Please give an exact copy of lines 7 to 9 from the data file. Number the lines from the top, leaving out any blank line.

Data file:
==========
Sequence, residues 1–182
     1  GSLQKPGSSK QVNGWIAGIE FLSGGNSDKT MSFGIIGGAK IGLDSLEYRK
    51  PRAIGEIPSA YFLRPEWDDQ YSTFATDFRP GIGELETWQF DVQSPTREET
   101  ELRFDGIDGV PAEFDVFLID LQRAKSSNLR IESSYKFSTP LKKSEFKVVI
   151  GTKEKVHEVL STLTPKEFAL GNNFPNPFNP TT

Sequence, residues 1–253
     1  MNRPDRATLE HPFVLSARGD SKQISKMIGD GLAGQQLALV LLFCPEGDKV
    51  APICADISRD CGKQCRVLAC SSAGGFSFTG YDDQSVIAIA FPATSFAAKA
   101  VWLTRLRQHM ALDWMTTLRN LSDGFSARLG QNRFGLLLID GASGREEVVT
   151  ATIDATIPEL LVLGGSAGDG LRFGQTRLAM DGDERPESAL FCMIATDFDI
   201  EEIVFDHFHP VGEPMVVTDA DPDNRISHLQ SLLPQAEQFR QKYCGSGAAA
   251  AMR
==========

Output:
     1  MNRPDRATLE HPFVLSARGD SKQISKMIGD GLAGQQLALV LLFCPEGDKV
    51  APICADISRD CGKQCRVLAC SSAGGFSFTG YDDQSVIAIA FPATSFAAKA
   101  VWLTRLRQHM ALDWMTTLRN LSDGFSARLG QNRFGLLLID GASGREEVVT